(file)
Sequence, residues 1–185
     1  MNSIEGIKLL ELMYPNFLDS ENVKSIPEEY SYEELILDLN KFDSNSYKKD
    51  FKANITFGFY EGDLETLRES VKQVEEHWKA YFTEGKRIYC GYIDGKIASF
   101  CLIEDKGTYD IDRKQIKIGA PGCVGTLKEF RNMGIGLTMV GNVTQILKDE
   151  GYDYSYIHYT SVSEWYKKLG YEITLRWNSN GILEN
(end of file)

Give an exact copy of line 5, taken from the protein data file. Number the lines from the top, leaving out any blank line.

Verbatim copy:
   151  GYDYSYIHYT SVSEWYKKLG YEITLRWNSN GILEN